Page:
When it comes to pro basketball, there’s no real competition for the NBA. It’s the top professional league in the world, although plenty of foreign basketball leagues produce high-level talent. Given those facts, former rapper and actor Ice Cube created the BIG3 league, a place where former NBA players came come together to show off their skills during the NBA offseason.
There is no shortage of recognizable talent that immediately got involved, including some historic names either coaching or stepping back out onto the court. We took a look at some of the former NBA stars playing in the BIG3.
11. Stephen Jackson
Now 39 years old, former NBA small forward Stephen Jackson plays for the Killer 3’s in Ice Cube’s basketball league. Originally drafted by the Phoenix Suns in the second round back in 1997, Jackson didn’t make his NBA debut until 2000–01 with the New Jersey Nets. His best season came in 2008–09 with the Golden State Warriors, when he averaged 20.7 points, 6.5 assists, and 5.1 rebounds per game. Jackson won a championship as a member of the 2002–03 San Antonio Spurs. He retired at 35 after playing nine games for the Los Angeles Clippers in 2013–14.
10. Larry Hughes
Jackson’s teammate on the Killer 3’s is former NBA shooting guard Larry Hughes. Drafted by the Philadelphia 76ers back in 1998 with the No. 8 overall pick, Hughes bounced around from Philadelphia, to Golden State, Washington, Cleveland, Chicago, New York, Charlotte, and Orlando during his 13-year NBA career. His best season came in 2004–05 with the Wizards, when he averaged 22 points and led the league with 2.9 steals per game. He retired in 2011–12 at the age of 33, with a career average of 14.1 points per game.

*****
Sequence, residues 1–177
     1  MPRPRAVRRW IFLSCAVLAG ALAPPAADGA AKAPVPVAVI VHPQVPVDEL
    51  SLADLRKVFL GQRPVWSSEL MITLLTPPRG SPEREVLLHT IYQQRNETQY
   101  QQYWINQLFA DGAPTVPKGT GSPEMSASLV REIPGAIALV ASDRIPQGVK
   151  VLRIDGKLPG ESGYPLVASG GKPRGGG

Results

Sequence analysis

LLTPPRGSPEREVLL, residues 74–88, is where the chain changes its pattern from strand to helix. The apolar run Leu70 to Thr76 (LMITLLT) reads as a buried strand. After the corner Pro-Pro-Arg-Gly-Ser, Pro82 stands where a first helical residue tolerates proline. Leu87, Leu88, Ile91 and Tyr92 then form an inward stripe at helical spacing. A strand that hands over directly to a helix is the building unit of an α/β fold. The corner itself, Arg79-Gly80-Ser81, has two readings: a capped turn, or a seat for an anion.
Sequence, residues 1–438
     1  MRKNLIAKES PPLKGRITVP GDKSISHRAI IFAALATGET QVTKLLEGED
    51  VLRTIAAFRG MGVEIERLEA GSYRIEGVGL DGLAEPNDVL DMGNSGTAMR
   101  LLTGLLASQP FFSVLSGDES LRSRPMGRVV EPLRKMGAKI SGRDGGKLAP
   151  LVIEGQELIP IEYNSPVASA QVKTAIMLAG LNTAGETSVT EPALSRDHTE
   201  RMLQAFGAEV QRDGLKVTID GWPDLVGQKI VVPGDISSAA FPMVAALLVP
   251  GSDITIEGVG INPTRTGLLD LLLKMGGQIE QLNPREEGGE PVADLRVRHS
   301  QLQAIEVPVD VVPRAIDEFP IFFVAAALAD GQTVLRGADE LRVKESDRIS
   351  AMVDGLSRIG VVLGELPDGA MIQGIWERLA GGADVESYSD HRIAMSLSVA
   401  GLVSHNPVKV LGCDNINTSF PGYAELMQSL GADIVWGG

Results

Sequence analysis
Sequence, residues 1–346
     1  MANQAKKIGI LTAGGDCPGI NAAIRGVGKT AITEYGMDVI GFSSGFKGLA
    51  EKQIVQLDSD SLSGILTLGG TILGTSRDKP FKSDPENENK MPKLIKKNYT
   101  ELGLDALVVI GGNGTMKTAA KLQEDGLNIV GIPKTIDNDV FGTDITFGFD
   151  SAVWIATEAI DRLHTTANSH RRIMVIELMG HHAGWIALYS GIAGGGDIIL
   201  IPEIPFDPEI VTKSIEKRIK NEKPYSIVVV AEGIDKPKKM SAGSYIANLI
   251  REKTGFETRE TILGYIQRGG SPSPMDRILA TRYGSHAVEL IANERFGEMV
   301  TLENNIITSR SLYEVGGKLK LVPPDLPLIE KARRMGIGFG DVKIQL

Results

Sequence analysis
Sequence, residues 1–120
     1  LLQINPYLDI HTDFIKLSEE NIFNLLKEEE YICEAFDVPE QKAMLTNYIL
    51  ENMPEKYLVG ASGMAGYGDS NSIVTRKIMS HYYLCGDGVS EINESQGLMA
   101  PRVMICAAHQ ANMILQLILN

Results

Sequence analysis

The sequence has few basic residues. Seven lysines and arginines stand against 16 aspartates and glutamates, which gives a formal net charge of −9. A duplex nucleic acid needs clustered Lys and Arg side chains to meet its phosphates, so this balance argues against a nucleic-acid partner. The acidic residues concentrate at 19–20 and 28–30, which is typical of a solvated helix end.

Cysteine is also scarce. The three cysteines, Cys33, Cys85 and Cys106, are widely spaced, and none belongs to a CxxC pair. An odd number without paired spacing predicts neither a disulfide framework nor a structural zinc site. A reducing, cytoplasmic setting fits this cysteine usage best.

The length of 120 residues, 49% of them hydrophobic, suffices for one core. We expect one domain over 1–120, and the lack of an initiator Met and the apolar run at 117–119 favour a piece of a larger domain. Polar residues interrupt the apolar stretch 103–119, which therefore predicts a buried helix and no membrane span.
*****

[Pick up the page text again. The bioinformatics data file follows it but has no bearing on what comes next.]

9. Ricky Davis
Most NBA fans will recall the name Ricky Davis and immediately associate it with a misguided attempt to steal a cheap triple-double. Davis will play for the Ghost Ballers, coached by George “Iceman” Gervin, in the BIG3 league.
Originally drafted by the Charlotte Hornets back in 1998, he spent 12 years in the NBA. He never made an All-Star team, but he had some excellent individual seasons. In one year with the Cleveland Cavaliers, Davis averaged 20.6 points, 5.5 assists, and 4.9 rebounds per game. He retired in 2009–10 at the age of 30 with a career average of 13.5 points per game.
8. Jermaine O’Neal